We sailed briskly along the trail through shady arbors and around Lake Brandt. Then, we reversed to go home and understood just why it had been so easy–an imperceptible downhill slope that was killer on the return ride.
I had a sick meal at the Got To Be NC Competition Dining Series last night in Winston-Salem, North Carolina.
Chef John Bobby from Noble’s Grille in Winston and chef Tammy Harper from Belle at the Jones House in Cary “competed” to present the winning dinner at the Benton Convention Center for about 50 dinners and judges. It was the first meal in the series with 13 more forthcoming–including one tonight.
There were six delicious courses, and diners voted for their favorites using a smart phone app to evaluate presentation, aroma, etc., as well as the best use of local North Carolina ingredients. The public can purchase tickets online at the competition’s website.
The all-North Carolina event was founded by restauranteur and entrepreneur Jimmy Crippen who was inspired by the Iron Chef competition.
Although I preferred Tammy Harper’s butternut squash soup and corncake with mascarpone cheese dessert best, John Bobby’s entree “crusted Cheshire Farms pork belly” did take the cake. He “won” the night’s competition, but not by much. There really weren’t any losers last night.
|Chef Tammy Harper’s butternut squash soup|
|Chef John Bobby’s veal tenderloin with chorizo|
|John Bobby’s pork belly with gnocchi|
|Tammy Harper’s grilled lamb chop with polenta|
|John Bobby’s passion fruit mousse|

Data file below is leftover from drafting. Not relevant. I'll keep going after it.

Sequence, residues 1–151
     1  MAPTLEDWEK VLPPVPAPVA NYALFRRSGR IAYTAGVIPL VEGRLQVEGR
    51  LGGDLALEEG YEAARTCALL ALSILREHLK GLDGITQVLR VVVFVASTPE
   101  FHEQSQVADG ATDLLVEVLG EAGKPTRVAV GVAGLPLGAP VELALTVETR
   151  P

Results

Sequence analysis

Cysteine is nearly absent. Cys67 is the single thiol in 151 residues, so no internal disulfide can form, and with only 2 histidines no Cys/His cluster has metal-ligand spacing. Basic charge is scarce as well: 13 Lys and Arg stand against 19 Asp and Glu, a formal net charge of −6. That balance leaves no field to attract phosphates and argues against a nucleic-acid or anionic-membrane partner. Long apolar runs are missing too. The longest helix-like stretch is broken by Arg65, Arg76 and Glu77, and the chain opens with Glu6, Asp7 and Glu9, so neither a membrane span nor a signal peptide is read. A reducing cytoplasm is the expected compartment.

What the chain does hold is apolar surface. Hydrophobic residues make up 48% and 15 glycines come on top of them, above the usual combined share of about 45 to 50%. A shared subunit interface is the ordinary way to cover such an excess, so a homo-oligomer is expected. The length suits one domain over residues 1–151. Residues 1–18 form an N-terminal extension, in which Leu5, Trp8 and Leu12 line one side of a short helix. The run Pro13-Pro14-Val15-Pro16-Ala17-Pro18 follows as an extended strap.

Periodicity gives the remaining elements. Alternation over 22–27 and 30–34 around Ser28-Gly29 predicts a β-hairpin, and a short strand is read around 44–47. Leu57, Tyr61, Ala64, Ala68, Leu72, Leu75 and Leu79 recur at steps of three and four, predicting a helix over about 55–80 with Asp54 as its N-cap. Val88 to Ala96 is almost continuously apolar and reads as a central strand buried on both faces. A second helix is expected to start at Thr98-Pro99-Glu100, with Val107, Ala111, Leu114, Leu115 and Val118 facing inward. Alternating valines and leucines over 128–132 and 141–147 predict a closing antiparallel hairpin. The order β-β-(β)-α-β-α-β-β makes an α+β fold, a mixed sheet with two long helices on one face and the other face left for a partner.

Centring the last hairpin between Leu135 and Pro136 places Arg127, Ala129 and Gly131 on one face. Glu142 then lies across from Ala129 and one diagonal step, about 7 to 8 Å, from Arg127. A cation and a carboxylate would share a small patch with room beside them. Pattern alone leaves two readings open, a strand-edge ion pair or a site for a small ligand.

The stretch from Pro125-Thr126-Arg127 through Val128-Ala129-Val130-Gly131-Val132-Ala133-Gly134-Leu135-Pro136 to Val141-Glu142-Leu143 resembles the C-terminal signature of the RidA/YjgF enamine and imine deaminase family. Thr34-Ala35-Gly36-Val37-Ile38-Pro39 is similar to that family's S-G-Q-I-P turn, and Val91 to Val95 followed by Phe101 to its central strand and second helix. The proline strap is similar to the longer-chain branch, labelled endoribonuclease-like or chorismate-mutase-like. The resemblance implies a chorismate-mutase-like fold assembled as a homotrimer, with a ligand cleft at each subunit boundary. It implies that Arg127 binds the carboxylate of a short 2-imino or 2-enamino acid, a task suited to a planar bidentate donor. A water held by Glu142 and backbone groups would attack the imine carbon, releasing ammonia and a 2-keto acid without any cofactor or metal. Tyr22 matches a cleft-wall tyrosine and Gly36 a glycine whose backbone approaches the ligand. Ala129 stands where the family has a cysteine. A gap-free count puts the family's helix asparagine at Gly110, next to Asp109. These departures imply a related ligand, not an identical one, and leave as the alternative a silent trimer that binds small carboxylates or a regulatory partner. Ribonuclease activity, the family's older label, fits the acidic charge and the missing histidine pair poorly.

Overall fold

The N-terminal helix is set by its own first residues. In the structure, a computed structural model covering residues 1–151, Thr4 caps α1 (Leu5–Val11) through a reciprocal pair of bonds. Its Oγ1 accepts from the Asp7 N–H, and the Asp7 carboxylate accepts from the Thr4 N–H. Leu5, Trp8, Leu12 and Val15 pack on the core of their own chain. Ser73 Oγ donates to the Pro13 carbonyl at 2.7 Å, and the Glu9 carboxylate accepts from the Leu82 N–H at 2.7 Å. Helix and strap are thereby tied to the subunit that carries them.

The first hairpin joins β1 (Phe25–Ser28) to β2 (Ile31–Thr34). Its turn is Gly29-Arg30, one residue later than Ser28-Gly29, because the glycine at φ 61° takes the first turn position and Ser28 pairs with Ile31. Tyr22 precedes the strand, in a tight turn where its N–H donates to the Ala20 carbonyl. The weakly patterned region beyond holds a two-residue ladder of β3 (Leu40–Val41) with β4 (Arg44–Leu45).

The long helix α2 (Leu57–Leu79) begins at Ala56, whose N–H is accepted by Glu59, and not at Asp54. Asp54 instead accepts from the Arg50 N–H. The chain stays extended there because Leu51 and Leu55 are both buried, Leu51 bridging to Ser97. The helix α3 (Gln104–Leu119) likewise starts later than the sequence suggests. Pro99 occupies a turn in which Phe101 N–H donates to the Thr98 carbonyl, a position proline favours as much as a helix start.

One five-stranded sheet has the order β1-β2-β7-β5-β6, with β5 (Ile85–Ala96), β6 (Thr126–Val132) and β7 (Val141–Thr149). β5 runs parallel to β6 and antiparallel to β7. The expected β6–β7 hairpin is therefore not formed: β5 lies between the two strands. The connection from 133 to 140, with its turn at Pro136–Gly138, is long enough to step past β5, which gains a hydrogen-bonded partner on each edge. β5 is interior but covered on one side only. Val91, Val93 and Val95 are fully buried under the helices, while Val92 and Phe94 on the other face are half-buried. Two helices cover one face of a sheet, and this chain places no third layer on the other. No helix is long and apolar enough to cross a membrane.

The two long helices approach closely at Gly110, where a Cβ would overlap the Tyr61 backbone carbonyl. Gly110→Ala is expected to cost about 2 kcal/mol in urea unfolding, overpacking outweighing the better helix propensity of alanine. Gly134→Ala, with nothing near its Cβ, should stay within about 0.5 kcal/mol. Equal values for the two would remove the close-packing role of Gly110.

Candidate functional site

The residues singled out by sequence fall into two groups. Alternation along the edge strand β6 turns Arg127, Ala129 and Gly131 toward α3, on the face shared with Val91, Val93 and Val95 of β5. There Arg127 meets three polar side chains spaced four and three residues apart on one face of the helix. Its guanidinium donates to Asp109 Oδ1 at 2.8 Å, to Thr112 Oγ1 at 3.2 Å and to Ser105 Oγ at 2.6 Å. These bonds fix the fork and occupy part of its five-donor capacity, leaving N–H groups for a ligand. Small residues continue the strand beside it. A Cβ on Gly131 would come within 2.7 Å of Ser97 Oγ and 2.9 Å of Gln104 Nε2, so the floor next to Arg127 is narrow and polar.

|Tammy Harper’s corn cake Napoleon|
|The Lawsons’ ad in Sunday’s News & Record,
“Preserve our residential neighborhoods”
Tuesday, May 19
300 W. Washington St./2nd fl.
It’s open to the public. Please attend and arrive early 4:45PM-5PM to get a seat in council chambers.
In the News & Record May 17, Donna and George Lawson bought a full page ad with the headline “Preserve our residential neighborhoods–A message to fellow concerned residents of Greensboro, the Greensboro City Council and Halpern Enterprises, Atlanta, Ga.”
Thank you, Donna and George!
These are some of the points their advertisement made:
We are very concerned about the destruction of one of our beloved city’s most beautiful residential corridors, the wasteful construciton of a bank and grocery where they are not needed, the domino effect of a rezoning, traffic and pedestrian safety …
The area surrounding the Friendly Shopping Center for miles is one of the city’s most beautiful and should not be sacrificed to the desires of developers who want to up up unneeded and unwanted strip malls for their own enrichment. … Every quadrant of our city is currently pockmarked by empty store fronts in small shopping malls.